Rabada no-show raises fears he will be next victim of series 'virus'
Kagiso Rabada delivered one of the most fiery performances of his already alight career at St George’s Park on Friday.
Rabada took 5/96 on the first day of the second test between South Africa and Australia‚ removing Steve Smith and Shaun Marsh in consecutive overs before ripping through most of the tail.
Perhaps Rabada had taken seriously what Ottis Gibson spoke of on Wednesday: “I am happy with aggression being shown on the field if it’s coming from the bowler.
“If a fast bowler is bowling bouncers and trying to intimidate a batsmen‚ that’s aggression.”
Gibson was reacting to Australia’s justification — their culture of aggression — for the sustained fury David Warner flung at Quinton de Kock during the first test at Kingsmead‚ and that cost Warner 75% of his match fee along with three demerit points.
Rabada had the intelligence not to bowl bouncers on the seaming‚ swinging St George’s Park pitch.
Instead‚ he was at his most dangerous and successful‚ and of course aggressive‚ when he pitched the ball up.
So he was the logical choice to bring to the press conference after stumps.
Except that Vernon Philander turned up.
After dismissing Smith‚ Rabada’s shoulder collided with the Australian captain’s as he made his way off the ground.
There wasn’t a lot of contact involved‚ but the key point in terms of the code of conduct is that if contact between the players is avoidable is should be avoided.
In this case the contact was avoidable and wasn’t avoided.
Crucially‚ Rabada has five demerit points. If he is charged it would likely be on level two‚ which could attract three or four more points.
Players who accumulate eight points are banned for two matches‚ which would put Rabada out of the last two tests.
Even as South Africa’s team management made the argument for Rabada’s absence‚ he was fielding questions on television — where former players acting as interviewers are far less critical than journalists‚ who were later sent a link by team management that they could use to access Rabada’s television interview.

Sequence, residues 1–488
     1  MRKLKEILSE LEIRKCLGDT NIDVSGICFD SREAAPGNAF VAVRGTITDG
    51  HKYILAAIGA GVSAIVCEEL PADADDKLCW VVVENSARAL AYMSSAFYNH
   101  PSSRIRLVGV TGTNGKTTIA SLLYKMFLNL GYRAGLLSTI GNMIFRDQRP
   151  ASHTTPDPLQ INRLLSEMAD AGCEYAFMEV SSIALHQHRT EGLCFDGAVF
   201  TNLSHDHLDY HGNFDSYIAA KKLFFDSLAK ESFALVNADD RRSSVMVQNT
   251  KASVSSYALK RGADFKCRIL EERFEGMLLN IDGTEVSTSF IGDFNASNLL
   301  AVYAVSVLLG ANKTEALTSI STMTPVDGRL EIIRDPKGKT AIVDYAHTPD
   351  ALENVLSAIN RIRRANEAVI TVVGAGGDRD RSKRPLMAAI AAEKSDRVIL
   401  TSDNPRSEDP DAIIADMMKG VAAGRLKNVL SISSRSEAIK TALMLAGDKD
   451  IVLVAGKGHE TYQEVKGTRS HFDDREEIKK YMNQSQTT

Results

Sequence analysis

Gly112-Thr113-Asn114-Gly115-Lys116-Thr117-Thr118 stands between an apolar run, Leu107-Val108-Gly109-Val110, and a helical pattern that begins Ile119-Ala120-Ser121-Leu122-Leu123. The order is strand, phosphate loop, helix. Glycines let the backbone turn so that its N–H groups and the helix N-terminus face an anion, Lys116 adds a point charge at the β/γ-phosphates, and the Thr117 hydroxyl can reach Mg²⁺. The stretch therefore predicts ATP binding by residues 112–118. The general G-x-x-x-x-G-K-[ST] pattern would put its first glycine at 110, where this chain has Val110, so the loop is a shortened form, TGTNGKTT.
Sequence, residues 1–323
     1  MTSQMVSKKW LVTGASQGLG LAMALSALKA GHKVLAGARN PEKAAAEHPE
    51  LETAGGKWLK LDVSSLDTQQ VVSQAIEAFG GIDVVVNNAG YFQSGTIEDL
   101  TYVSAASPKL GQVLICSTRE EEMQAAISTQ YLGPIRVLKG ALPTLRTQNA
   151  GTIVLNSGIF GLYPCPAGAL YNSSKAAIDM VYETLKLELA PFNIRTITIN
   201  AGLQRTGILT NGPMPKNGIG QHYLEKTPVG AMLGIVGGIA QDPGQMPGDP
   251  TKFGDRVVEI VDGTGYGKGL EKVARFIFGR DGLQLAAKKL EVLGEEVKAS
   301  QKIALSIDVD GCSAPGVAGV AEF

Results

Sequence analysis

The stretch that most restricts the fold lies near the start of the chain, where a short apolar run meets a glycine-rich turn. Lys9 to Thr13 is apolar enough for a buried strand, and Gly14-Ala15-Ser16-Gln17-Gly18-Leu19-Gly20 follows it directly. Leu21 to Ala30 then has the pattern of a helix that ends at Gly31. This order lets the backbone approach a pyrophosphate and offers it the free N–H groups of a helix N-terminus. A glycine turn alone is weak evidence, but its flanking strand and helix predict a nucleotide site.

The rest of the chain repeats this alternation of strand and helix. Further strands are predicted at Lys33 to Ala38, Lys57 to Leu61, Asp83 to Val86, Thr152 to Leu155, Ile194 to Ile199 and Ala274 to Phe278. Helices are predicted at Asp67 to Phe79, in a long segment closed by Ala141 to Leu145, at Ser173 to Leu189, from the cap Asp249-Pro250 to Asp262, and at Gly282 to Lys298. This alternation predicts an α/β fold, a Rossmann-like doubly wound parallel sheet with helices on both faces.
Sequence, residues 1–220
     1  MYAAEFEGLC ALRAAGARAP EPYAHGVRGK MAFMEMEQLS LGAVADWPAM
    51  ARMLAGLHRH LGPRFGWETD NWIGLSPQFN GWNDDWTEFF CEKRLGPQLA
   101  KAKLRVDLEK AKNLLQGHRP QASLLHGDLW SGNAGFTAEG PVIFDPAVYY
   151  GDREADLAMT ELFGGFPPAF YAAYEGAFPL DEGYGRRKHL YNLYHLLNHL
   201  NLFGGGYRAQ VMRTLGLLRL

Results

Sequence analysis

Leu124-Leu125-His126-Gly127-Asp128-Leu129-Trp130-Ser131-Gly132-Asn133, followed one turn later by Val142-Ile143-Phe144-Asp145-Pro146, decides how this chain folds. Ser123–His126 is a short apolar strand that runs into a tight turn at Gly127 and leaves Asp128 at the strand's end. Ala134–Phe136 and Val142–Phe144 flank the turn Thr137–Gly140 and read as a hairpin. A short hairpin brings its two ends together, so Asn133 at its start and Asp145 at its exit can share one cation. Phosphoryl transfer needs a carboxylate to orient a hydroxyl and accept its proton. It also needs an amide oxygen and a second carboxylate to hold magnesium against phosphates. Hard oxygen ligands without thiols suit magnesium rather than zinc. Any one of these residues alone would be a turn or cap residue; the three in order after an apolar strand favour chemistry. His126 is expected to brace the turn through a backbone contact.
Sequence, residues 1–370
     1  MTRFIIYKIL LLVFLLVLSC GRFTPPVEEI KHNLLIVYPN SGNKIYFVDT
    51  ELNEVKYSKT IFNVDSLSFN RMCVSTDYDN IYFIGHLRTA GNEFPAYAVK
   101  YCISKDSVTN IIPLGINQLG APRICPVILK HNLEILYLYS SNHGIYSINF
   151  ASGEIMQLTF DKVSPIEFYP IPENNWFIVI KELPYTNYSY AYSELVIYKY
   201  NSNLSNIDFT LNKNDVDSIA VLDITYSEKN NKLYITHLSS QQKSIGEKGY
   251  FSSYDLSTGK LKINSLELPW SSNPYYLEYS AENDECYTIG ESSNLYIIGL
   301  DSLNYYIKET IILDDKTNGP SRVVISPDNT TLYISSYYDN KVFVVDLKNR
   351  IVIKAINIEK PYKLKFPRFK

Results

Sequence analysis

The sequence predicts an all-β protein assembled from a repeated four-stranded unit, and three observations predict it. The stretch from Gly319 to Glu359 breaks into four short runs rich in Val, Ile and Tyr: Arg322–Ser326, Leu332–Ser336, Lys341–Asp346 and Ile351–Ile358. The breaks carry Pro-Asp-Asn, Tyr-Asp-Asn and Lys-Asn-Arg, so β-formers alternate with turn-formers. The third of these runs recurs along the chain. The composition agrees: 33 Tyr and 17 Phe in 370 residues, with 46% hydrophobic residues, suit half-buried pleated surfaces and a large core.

Predictably the flaccid conversation on screen did not include any mention of the Smith incident.
Team management told protesting reporters that Rabada was shielded from the press because he didn’t want to prejudice his case if he was summoned by match referee Jeff Crowe.
A better approach would have been to instruct Rabada not to answer questions on the issue.
Philander took his seat behind the microphones amid the reporters voicing their unhappiness.
But only for a few seconds before rising and pretending to head off in a mock reaction to being unwanted.
He returned to shoulder the unfair burden of trying to explain Rabada’s actions.
“It’s sport‚” Philander said. “It’s a lot of men playing out there and you’re allowed to celebrate sometimes.
“Sometimes there’s a fine line about celebrating too hard.
“It’s a bunch of men playing this game. It would be a totally different ballgame if it was a bunch of schoolboys. We tend to take things personally.
“The way ‘KG’ was running in this afternoon was pretty amazing to watch — the way he came across he wanted the ball‚ he wanted to bowl overs. He was phenomenal.
“Hats off to him about the way he went about his business.”
What if Rabada was removed from the equation for the tests at Newlands and the Wanderers?
“He would leave a massive hole‚” Philander said. “He’s a big part of this bowling lineup. Let’s hope that’s not the case.”
Friday’s play was conducted in a markedly cooler atmosphere compared to the heat of the exchanges between the players at Kingsmead.
Crowe has had a busy series‚ disciplining Warner and De Kock — who was also done‚ but a level lower than Warner‚ for his role in the Kingsmead kerfuffle — and Nathan Lyon‚ who was punished for dropping the ball on a prone AB de Villiers‚ also in Durban.
The teams’ captains and managers met with Crowe to clear the air on Thursday‚ but Philander credited some of the relative civility to extra vigilance by the umpires‚ Chris Gaffney and Kumar Dharmasena.
“After the last game it was always going to be sensitive‚” he said. “The umpires were always going to try and be in the game and try and find out what’s going on.
“But they’re within their rights to try and kill some bug or virus from spreading too quickly.”
Not fast enough. Rabada might be its next victim.
Team management said a decision would be made on Saturday morning.